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ORLANDO, Fla. - Has any prominent tour player ever lost her lunch on national TV, frozen up over a clutch putt to the point of paralysis or been reduced to a slobbering wreck by sheer pressure?
Considering the way the LPGA's season finale for 2006 is designed, paramedics had best be around with a defibrillator in hand at Trump International in West Palm Beach, where a knee-knocking putt likely shall cement a record-breaking, career-defining $1 million prize.
Tour regular Marisa Baena, who has $1.52 million in career earnings, called the possibility of winning the lucrative title a "life-changing" experience, but only if it isn't life-ending in the process. Twelve months hence, that's the way the LPGA Playoffs at the ADT Championship will play out - and players surely are talking. And quaking. And questioning.
They know it'll be tough on their tickers, but is it what's best for the tour? It hasn't been said often of the LPGA's traditionally modest purses, but this might be too much of a good thing.
Most of the second-guessing regarding the new plan, which was unveiled last week, deals with the inequity between first and second place and its unintended impact elsewhere. The ADT runner-up gets a more modest $100,000, which means the winner will make a huge leap up the season money list with what amounts to one great round, possibly unseating a player who was far more steady over the entire year.
Yeah, you know who we mean.
Annika Sorenstam, the only LPGA player ever to earn $2 million over an entire season, has sponsor bonuses riding on whether she wins the money title. The most consistent player in decades - she has 35 victories over the past four seasons of LPGA play alone - she doesn't love the idea of being passed in earnings by a player who has a couple of hot days in mid-November. She believes only half the prize should count as official money, with the rest awarded as unofficial bonus earnings.
"I mean, obviously I do have a little concern about that," Sorenstam said. "It's fun that we are trying something new, but one thing I have voiced several times is that the first prize is too much money. To me, personally, the money list means a lot. The fans look at the money list, and that's kind of our (world) ranking."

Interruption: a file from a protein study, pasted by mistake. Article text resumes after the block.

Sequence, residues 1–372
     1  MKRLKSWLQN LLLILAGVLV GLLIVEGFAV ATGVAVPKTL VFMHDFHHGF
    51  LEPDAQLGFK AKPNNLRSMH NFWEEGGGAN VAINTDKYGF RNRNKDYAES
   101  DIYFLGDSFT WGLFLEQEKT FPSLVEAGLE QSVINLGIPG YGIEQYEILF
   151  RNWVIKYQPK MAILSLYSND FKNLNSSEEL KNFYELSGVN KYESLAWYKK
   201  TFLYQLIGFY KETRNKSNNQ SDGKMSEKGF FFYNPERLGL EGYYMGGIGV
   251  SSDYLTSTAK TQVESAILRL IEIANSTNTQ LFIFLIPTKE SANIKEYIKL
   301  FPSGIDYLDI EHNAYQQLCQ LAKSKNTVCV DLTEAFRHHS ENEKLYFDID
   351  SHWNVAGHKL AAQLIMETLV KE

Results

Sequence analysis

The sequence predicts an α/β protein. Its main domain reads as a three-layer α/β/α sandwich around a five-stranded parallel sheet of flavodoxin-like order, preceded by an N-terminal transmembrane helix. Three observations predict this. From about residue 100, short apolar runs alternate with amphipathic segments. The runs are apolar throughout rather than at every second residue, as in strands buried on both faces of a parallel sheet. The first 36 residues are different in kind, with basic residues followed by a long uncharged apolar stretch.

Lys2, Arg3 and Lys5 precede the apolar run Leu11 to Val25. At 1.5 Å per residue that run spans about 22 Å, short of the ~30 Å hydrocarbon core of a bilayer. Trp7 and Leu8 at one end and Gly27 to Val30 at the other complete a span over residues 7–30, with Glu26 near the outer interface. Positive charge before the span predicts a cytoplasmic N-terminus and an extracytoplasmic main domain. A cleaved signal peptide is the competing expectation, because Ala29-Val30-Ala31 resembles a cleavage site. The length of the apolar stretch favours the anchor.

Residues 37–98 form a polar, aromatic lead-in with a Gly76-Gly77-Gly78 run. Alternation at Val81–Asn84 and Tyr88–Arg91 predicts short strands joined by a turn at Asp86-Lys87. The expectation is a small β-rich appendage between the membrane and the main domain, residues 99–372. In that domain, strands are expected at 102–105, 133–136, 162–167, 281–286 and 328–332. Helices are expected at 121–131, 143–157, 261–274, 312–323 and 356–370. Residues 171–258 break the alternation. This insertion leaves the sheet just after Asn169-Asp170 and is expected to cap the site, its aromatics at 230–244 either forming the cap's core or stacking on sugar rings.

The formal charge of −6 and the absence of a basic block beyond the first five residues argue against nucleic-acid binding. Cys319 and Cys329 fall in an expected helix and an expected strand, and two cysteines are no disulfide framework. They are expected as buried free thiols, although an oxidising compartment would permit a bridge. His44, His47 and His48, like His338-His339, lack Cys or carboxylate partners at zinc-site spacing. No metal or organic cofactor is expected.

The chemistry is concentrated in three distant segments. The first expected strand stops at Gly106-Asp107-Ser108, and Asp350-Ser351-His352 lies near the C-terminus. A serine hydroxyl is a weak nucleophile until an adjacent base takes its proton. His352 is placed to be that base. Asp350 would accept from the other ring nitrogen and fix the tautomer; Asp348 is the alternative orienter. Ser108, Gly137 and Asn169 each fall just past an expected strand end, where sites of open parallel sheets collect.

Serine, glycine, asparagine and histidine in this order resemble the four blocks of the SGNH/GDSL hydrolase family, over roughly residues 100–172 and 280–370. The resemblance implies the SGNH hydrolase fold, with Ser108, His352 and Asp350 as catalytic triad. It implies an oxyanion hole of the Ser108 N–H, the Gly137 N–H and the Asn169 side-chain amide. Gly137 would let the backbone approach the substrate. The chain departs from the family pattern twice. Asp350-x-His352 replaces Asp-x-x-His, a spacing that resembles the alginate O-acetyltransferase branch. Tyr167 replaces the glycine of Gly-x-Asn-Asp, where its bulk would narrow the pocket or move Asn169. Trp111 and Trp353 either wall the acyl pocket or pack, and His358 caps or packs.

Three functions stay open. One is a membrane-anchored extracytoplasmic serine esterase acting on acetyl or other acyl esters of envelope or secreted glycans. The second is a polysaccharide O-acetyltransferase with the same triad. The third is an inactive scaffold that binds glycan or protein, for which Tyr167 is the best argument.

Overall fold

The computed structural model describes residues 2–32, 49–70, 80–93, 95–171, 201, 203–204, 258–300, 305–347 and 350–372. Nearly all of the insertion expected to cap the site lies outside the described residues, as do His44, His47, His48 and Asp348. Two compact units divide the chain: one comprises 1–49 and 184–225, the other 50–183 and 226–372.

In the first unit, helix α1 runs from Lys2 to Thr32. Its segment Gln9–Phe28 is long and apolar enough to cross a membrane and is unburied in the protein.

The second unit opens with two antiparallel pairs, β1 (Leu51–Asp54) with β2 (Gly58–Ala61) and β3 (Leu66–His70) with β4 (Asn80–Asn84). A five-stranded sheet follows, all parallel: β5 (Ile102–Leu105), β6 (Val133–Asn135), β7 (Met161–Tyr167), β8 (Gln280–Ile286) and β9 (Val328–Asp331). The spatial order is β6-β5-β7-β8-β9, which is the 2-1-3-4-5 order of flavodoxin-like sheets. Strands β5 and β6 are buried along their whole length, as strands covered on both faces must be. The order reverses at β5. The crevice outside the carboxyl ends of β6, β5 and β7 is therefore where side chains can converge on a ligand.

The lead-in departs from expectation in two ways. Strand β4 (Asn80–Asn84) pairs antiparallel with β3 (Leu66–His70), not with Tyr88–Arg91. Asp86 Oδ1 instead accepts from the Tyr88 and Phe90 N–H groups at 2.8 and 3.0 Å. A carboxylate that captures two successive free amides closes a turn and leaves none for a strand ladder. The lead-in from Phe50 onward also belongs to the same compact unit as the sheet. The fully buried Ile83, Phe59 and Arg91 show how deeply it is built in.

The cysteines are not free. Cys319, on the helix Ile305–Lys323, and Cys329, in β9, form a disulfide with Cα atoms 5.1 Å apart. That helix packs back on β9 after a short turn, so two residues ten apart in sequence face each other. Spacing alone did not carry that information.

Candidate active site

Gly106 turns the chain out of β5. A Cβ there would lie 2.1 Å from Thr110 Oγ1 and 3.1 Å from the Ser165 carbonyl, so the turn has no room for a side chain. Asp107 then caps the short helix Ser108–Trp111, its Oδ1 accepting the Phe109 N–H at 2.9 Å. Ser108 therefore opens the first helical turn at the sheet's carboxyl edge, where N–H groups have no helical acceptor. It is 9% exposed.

There are other oddities with the playoff plan, too, as at the ADT last week. The limited field of 32, which will be selected based on points accrued throughout the 2006 season, will be halved after 36 holes. After 54 holes, the field will be cut to an elite eight, with the scores from the first three days heaved out the window.
The last day, everybody starts all square, which means that if a player shot three 65s to start the week and whips the field by 10 strokes, it largely goes for naught. It's the auto-racing equivalent of a caution-flag restart, except that all the drivers come out of the pits side by side in the front row.
Sorenstam shot 69 in the final round last weekend to win in the final year of the ADT's traditional 72-hole format, but of the players in the top eight after Saturday, two players closed with 68s, meaning she would not have won the top prize. Moreover, Baena was tied for 20th after 36 holes but rallied in the third round and played in the final group alongside Sorenstam on Sunday. She wouldn't have played at all on the weekend under the 2006 plan.
But the mostly unheralded Baena wasn't about to split hairs about such a grandiose pot of gold.
"That's awesome," she gushed. "That is a life-changing experience for anyone who is playing good. Maybe for Annika, it isn't, but for a lot of us, I'm telling you, winning a million dollars means a lot."
Seven figures still gets Sorenstam's attention. A few years ago, she had a putt for $340,000 at the Skins Game and remembers her arms went numb.
"Talk about nerves," Sorenstam said. "It was a 6-footer, and I read it from every angle. By the time I got to the ball, I had no feel. I probably rammed it 10 feet by.
"It's just amazing how money does play a role. You are going to stand there (next year) with a 3-footer and a difference of $900,000. I would like to see if I can handle it."
With major year-ending overhauls for the LPGA and PGA circuits in 2006 and 2007, respectively, the women get first crack at making a big-money splash next November. "We will find out how it works, how fair it is, how true it is," Sorenstam said. "I'm sure a lot of people have their eyes on it, trying to figure out if it is a great idea or not."
(c) 2005, The Orlando Sentinel (Fla.). Distributed by Knight Ridder/Tribune News Service.